To describe Sam Raimi’s Drag Me To Hell as “kind-of scary” is like describing Bruno as “kind-of funny” or Transformers: Revenge of the Fallen as “kind-of stupid.” Some movies are just made for hyperbolic reviews and Raimi’s latest is one of them: it’s a rollicking rollercoaster ride through Hades that is certain to make teenage boys heave popcorn in the air in gorgasmic delight; teenage girls will shriek both in repulsion and glee; and damn near everyone else will whoop and laugh and holler as if they’ve wandered into a midnight screening of Rocky Horror Picture Show. Drag Me To Hell is a gin-u-wine endorphin generator that might be a wildcard contender for best film of the year. Too hyperbolic? Well, wait until you see the movie.
Christine Brown (Alison Lohman) is a sweet, timid loan officer who is just the kind of horror heroine that is naive enough to wind up in some really awful situation. Her prickly pear arrives in the form of an elderly woman named Sylvia Ganush (Lorna Raver); a one-eyed Romanian who’s about to have her home repossessed. Christine doesn’t want to reject the old lady’s third loan application, but she also needs to prove to her boss that she can make the ‘tough decisions’ and earn that Assistant Manager position at the bank. So she sends grandma packing. I cannot stress enough how much she will regret this decision.
What Ganush lacks in financial savvy she makes up for in gypsy curses, and she dooms Christine to suffer three days of supernatural torment before eventually being dragged to … well, hell. Without giving too much away, Christine endures some of the grossest, funniest, most horrifying physical and emotional torture since Cheryl unwisely decided to stroll through the woods in The Evil Dead. Seriously, Lohman is an incredible sport for putting up with everything Raimi throws at her. With the help of her charmingly concerned boyfriend (Justin Long) and a surprisingly expensive medium (Dileep Rao), Christine attempts to call off the demons. The thing is, these demons don’t take too kindly to reasoning. I’ll stop before I ruin any more of the film. And I haven’t even gotten to the goat yet!
Drag Me To Hell is Raimi’s first horror film since he completed his Evil Dead trilogy in 1993, and I didn’t realise how much I had missed him. The film was co-written by Sam with his brother Ivan before he abandoned the genre to work on the Spiderman trilogy (maybe you’ve heard of it). In the interim, thrill seekers had to resort to whatever Saw sequel or J-horror remake would be playing in cinemas for their fortnightly jumpscare. During that time we forgot that scary movies weren’t simply comprised of creepy children, grizzly torture sequences and female nudity (although they can sometimes be very important ingredients). Raimi exercises both Hitchcockian restraint and Argentian-excess to create one of the most effective horror films of the decade. It’s like the greatest fairground haunted house in the world.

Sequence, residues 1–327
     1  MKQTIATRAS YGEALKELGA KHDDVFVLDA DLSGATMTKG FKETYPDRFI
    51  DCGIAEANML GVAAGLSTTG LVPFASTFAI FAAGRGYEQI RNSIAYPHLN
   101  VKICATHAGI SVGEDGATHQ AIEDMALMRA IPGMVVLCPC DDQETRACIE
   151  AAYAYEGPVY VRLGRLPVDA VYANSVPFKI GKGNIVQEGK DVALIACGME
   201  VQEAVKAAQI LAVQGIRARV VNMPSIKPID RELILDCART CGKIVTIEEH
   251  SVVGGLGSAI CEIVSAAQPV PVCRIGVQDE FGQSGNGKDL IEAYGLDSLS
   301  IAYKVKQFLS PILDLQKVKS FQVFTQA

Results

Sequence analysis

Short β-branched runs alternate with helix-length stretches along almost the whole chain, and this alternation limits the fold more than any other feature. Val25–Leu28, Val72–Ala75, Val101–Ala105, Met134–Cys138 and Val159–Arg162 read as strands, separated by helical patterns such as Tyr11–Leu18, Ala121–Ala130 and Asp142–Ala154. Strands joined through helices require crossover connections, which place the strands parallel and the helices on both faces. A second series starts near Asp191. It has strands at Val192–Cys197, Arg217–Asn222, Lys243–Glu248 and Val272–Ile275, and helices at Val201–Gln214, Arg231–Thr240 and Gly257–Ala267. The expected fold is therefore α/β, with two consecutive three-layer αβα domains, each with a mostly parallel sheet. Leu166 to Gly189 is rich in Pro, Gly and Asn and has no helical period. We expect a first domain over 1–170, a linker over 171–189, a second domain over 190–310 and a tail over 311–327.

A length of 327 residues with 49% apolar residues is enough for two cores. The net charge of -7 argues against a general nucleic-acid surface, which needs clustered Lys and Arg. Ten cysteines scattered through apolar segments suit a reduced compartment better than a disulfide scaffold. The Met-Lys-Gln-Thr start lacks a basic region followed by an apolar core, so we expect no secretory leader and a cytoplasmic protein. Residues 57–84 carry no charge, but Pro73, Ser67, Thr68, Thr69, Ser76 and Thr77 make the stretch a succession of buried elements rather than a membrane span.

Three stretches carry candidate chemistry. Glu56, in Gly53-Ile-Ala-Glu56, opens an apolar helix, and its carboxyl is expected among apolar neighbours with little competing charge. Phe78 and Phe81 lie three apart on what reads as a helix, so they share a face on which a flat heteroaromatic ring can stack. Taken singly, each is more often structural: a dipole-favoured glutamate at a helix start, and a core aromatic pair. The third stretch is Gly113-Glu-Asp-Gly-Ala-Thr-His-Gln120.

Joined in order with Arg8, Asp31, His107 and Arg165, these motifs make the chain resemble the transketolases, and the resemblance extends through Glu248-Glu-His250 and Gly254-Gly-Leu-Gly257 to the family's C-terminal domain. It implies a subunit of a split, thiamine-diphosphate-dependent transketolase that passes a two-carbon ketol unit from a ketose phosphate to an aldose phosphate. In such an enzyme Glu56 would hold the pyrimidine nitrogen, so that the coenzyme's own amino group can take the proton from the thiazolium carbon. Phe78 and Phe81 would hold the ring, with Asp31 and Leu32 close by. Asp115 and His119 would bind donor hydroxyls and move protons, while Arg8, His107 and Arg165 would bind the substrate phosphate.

As scary as the film is, it is still downright hilarious in all the right (and sometimes very wrong) ways. I fear that the more casual horror fans won’t quite get the joke; the joke of course being that the entire film is actually One. Big. Joke. Drag Me To Hell is both an old-school celebration of classic eighties horror flicks and a pitch-perfect spoof of modern-day terror-tropes, from its Danny Elfman-aping score to its Ghostbusters-esque spectres. It would all be laughable if it still weren’t so damn frightening. Raimi teases the audience like a master seducer (note one sequence featuring a pesky fly flirting with Lohman’s upper lip). Each moment is almost unwatchable for its intensity, but you’d be crazy to look away. His scattershot Spiderman 3 felt like it came from a director unsure of himself. I think its safe to say Raimi has his mojo back.
I mentioned previously that most audiences might not appreciate the tongue-in-cheek silliness of Drag Me To Hell. They might be expecting an Unborn or a Grudge or something terrible like that, and misunderstand Raimi’s goofy project as laughable. I implore audiences to give the film a chance and understand that Raimi and co are laughing with you. This is a spoof movie of the highest degree; one which stands up as a solid scary movie as well. Drag Me To Hell is a genre-buster; one of the funniest and most satisfying films of 2009, and quite simply a perfect horror film. It also has possibly the greatest final-reel shock since Carrie. I dare you to walk out without a smile on your face. A twisted, demented smile.